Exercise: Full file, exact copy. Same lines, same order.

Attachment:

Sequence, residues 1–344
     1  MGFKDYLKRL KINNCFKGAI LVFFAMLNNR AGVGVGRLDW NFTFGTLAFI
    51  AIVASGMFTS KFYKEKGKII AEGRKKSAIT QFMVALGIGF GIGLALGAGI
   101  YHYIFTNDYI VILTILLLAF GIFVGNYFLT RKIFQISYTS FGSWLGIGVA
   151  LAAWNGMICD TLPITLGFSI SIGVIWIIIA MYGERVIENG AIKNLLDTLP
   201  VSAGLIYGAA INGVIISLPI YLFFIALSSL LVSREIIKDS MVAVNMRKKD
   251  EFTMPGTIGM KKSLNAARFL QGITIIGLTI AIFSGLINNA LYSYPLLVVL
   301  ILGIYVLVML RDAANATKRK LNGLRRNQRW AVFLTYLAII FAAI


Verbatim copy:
Sequence, residues 1–344
     1  MGFKDYLKRL KINNCFKGAI LVFFAMLNNR AGVGVGRLDW NFTFGTLAFI
    51  AIVASGMFTS KFYKEKGKII AEGRKKSAIT QFMVALGIGF GIGLALGAGI
   101  YHYIFTNDYI VILTILLLAF GIFVGNYFLT RKIFQISYTS FGSWLGIGVA
   151  LAAWNGMICD TLPITLGFSI SIGVIWIIIA MYGERVIENG AIKNLLDTLP
   201  VSAGLIYGAA INGVIISLPI YLFFIALSSL LVSREIIKDS MVAVNMRKKD
   251  EFTMPGTIGM KKSLNAARFL QGITIIGLTI AIFSGLINNA LYSYPLLVVL
   301  ILGIYVLVML RDAANATKRK LNGLRRNQRW AVFLTYLAII FAAI